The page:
Patent Product Mapping – the rationale, the challenges and the techniques

By Donal O’Connell

Definition:

Patent claims can be mapped to a variety of parameters to support critical business decisions. As the name suggests, patent product mapping is about clearly linking a patent and one or more of the claims of that patent to a specific product or a specific component, part, feature or function within that product.

Patent product mapping is frequently used to map one’s own patents to one’s own products, to evaluate the level of alignment here, and to help identify the most important patents in one’s own portfolio and the protection they provide to the products in one’s own product offering.

Mapping is important during the patent prosecution phase as one needs to know which claims ought to be taken forward, and which claims should be abandoned. It is not cost effective to proceed with a large number of claims.

Of course patent product mapping may also refer to mapping ones own patents to the products of a 3rd party or mapping the patents of a 3rd party to one’s own products.

This paper looks at the issue of patent product mapping, the rationale for doing so, the challenges with trying to conduct such mapping and last but not least some of the approaches and techniques one may employ in order to succeed. I fully understand that one should be quite pragmatic about what can or should be done and what not. As everyone has limited resources (people, time and money), one should only do things which bring clear benefits for the business.

The rationale for mapping:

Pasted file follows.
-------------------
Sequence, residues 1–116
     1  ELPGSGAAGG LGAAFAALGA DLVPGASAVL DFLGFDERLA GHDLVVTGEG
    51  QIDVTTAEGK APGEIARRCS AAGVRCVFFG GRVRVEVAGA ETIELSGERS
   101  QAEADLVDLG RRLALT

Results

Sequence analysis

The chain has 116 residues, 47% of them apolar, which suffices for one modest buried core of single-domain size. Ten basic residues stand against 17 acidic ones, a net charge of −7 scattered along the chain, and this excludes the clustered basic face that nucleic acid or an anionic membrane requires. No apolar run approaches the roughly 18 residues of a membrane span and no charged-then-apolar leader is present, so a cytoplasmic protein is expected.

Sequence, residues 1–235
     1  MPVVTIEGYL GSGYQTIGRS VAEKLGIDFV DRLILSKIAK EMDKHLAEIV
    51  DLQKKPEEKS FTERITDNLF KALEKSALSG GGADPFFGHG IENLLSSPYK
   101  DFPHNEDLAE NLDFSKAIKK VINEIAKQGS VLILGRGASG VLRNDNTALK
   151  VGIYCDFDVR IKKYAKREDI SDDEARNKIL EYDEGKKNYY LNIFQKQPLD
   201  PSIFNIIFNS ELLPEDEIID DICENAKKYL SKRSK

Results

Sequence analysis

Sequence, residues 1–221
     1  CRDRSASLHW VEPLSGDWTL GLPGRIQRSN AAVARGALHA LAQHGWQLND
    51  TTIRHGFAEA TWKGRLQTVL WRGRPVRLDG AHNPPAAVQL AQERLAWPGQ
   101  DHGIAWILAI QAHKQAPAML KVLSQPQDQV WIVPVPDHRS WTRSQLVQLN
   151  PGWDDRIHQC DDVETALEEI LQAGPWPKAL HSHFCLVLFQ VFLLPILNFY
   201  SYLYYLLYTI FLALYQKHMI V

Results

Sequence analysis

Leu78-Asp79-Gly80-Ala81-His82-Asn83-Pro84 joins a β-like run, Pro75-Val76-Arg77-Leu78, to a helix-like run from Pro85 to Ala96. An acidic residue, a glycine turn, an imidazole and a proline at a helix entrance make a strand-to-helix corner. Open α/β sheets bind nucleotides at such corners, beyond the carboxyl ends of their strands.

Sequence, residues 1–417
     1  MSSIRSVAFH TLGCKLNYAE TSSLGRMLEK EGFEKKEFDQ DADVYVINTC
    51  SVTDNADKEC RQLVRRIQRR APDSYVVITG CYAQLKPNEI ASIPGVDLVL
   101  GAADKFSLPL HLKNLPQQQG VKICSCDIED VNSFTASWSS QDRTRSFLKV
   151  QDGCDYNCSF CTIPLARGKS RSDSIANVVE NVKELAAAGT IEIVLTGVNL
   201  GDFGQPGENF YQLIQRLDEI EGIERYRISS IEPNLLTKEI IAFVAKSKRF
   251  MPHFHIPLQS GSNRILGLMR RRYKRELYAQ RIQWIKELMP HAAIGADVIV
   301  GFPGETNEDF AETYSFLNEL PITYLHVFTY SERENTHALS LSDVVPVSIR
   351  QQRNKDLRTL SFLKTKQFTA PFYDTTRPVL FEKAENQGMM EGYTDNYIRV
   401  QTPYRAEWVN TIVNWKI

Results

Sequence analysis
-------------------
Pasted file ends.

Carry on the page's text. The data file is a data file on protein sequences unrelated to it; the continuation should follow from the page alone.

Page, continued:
In recent years, intellectual property (IP) has come to play an increasingly important role in the world economy. In the knowledge economy, knowledge has become an important economic good. Thus, IP and patents gain in importance.

Patents can bring value in a variety of different ways to a business or organisation…

  • Freedom to operate
  • Product or feature differentiation
  • Revenue generation (though licensing or selling)
  • Business influence
  • Enabling a technology
  • Supporting technology transfer
  • Cost advantage
  • Positive innovation image in the marketplace
  • Tax benefits (for example the Patent Box in the UK)
  • Attracting investment

To order to obtain many of these benefits listed, a company may need to first conduct a patent product mapping exercise.

Challenges with mapping:

Mapping a patent to a product however is often easier said than done. This challenge with mapping was flagged by a number of companies considering to apply for the Patent Box in the UK when the scheme was being deployed in 2013. Why is it so difficult for some?

The language and terminology used in patents is rather unique, and somewhat different from that used by technical engineers or product marketing personnel. In a patent, a word must describe a thing very precisely, and have a very specific, unambiguous meaning. When it comes to describing a device or process in a patent application, specificity is ever more crucial because of the risks of encroaching on other patents in process or already granted.

Most patents do not make mention of specific products. There may be no product information contained within the original invention reports when the inventive idea was first documented. The inventor will definitely have been much more focused on the technical invention rather than any product possibly incorporating this technical invention.

When the patent was drafted, there may not have been any specific product information included simply because no product existed as it had yet to be designed, developed and commercialised.

The IP Data Management System in use either by the Corporate IP Department or by its outside IP Firms may not have been configured to record product details. Even if such a field exists, it may have suffered from data integrity or ‘dirty data’ issues. Data integrity is data that has a complete or whole structure. All characteristics of the data including business rules, rules for how pieces of data relate to each other, dates, definitions and lineage must be correct for data to be complete.